29. 29. The project focuses on the relevance of the curriculum to the local culture. It took off with a national workshop on the development of curriculum frameworks and sample lesson plans in eight (8) subject areas. <br />Indigenization/Localization of the Secondary Education Curriculum<br />
  30. 30. A curriculum that addresses or guides the learner's need in making sound decisions that match his/her aptitude and interests. Presently, the program is now being institutionalized in secondary schools nationwide after a week-long training of program implementors at the division and school levels. <br />RHGP (Revitalized Homeroom Guidance Program)<br />
  31. 31. Competitions in Population Education Competitions are conducted that highlights the responsiveness of education in promoting curricular programs related to societal concerns, like population education.<br /> There are three (3) national competitions which focus on population education, namely; National Pop Quiz, the National Poster Making Contest, and Essay Writing Contest were conducted to promote public awareness on the subject. <br />Population Education Program<br />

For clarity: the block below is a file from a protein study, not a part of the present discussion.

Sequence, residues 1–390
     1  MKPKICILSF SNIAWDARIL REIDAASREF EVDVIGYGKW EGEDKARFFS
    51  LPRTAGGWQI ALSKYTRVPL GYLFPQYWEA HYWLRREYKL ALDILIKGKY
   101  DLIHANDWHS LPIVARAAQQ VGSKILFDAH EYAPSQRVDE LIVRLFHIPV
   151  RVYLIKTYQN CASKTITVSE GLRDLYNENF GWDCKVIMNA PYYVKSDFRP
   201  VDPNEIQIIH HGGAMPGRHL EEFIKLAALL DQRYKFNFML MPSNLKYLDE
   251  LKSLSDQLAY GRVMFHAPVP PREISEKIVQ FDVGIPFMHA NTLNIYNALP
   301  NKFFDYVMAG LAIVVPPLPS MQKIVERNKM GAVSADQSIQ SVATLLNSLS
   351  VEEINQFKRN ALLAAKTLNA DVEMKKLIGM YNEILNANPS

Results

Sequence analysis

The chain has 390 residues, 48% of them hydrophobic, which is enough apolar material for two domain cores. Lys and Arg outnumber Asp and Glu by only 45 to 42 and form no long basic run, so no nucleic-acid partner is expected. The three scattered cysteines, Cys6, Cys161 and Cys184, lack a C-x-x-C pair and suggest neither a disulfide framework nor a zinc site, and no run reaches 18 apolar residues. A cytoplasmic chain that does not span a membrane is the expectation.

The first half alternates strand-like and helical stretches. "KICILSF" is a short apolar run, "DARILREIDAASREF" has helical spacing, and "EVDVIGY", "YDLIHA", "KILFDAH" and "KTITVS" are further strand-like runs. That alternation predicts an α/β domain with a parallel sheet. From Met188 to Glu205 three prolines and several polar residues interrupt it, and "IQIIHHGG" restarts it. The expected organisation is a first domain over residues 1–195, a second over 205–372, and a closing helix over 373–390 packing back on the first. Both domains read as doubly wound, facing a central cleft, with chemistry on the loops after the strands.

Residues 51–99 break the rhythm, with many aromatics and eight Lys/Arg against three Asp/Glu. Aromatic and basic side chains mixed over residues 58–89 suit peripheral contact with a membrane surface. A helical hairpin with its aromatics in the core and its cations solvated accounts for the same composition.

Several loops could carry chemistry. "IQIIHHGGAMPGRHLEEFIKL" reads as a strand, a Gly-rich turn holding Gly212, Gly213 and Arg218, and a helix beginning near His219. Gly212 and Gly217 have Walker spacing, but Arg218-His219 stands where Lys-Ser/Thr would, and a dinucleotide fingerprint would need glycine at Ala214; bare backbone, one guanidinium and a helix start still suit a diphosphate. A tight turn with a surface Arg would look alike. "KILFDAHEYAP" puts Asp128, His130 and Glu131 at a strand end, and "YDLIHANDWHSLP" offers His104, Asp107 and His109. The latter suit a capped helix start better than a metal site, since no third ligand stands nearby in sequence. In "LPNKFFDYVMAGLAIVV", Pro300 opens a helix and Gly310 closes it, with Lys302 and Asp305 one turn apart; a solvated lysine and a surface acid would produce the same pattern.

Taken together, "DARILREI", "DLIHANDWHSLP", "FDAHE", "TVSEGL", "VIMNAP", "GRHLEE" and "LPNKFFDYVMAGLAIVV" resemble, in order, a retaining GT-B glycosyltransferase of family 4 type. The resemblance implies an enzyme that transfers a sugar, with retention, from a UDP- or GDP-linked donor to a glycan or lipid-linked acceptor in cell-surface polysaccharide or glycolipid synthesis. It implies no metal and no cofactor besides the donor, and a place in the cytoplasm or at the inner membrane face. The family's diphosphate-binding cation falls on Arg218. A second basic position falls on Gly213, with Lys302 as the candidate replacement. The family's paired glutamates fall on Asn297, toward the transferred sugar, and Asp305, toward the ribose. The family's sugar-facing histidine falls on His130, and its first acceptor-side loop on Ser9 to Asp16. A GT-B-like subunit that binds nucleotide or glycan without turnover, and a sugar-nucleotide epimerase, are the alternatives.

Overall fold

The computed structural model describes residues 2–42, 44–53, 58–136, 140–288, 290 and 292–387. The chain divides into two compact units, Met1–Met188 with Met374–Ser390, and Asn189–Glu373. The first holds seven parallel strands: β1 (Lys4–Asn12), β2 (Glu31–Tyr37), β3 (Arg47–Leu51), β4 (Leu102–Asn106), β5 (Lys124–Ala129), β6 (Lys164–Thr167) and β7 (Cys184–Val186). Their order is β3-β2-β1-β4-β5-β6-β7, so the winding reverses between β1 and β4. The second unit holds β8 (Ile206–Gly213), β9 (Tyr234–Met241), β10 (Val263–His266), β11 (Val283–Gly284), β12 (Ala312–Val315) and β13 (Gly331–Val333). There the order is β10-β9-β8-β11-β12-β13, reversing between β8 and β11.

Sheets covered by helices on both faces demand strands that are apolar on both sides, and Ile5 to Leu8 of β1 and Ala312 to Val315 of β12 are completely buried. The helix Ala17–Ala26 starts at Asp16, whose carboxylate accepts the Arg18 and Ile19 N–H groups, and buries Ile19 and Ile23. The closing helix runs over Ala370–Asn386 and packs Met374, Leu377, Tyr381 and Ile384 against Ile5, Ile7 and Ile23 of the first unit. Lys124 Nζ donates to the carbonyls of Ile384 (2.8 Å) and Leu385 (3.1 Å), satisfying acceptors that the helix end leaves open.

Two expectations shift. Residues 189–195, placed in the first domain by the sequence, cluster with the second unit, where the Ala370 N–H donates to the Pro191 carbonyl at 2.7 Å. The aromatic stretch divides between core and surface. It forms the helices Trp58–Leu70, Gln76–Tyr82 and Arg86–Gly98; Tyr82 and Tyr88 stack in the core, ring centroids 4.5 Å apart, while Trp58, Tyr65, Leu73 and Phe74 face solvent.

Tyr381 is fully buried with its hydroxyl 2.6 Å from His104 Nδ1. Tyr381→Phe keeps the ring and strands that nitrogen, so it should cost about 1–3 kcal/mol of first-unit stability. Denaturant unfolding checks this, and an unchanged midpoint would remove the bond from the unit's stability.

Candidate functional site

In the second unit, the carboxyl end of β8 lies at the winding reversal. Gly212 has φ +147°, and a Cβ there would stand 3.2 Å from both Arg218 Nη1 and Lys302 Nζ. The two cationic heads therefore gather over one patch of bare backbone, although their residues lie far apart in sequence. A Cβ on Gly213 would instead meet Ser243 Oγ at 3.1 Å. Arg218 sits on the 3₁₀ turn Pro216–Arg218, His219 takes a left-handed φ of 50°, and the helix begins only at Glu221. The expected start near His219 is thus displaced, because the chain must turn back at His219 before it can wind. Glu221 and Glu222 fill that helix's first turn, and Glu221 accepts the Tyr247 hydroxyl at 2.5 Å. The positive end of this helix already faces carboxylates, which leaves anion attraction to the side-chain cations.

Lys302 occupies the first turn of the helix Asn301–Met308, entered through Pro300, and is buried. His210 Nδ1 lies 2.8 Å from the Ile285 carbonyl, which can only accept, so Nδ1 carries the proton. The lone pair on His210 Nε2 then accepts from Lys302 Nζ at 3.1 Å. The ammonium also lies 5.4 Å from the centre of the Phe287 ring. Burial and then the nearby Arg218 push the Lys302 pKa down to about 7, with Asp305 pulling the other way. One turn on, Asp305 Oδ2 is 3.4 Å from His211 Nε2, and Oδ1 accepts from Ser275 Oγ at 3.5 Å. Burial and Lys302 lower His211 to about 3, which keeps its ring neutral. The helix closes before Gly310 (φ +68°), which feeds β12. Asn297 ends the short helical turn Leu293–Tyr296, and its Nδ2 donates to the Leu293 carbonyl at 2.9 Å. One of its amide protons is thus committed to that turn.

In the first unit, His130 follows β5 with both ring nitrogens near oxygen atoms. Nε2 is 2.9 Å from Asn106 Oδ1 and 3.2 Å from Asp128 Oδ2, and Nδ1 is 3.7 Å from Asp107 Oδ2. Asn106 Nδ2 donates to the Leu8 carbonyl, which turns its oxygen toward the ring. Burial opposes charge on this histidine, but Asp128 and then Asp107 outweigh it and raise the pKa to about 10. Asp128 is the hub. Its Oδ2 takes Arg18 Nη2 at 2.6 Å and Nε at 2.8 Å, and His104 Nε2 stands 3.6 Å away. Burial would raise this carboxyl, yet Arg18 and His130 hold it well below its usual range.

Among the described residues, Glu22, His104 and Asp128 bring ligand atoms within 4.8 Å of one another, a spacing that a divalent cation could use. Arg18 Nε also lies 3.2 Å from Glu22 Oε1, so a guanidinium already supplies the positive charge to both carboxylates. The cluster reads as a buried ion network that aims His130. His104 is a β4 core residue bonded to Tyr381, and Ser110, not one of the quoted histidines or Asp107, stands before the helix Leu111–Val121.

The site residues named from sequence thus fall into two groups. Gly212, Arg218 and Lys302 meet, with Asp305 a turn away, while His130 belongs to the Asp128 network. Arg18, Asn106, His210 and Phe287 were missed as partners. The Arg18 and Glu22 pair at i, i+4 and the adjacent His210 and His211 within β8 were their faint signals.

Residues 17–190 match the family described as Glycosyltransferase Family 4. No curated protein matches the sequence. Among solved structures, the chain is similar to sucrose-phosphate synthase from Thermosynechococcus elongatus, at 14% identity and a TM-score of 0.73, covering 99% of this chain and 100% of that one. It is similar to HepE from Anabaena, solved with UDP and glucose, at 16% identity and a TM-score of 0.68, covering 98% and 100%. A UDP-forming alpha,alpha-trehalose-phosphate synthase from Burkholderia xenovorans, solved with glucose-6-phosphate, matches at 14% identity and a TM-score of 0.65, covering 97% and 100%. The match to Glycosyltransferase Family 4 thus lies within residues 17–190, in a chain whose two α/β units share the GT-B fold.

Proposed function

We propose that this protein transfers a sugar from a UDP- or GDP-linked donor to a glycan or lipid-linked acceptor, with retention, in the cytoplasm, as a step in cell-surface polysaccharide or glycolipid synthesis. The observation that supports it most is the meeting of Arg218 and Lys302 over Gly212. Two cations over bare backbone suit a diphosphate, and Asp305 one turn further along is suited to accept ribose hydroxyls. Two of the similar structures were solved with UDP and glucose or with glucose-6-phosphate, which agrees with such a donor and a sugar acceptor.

32. 32. This is a quarterly publication of the PEP newsletter which aims to supplement the existing population education instructional materials for all levels. It serves as a clearing house for PEP activities at the regional level. <br />PEPTALK<br />
  33. 33. This is a monthly newsletter of the Population Education Information Network which contains PopEd updates and other related information for various types of user groups. <br /> Provides networking, communications and information exchange between and among PEP DECS, Regional POPED Units as well as other program-related network within and outside DECS. <br />Population Education Information Network (POPEDIN)<br />
  34. 34. This program complements the existing school program in population education. The objectives of the program are to enhance knowledge, attitudes and practices of parents on PopEd related concerns and to empower them as teaching partners of the school in educating their children and other community members. The project kicked off by conducting a modified Delphi study which revealed that parents should handle delicate topics on adolescent reproductive health. <br />Home-Partnership Program<br />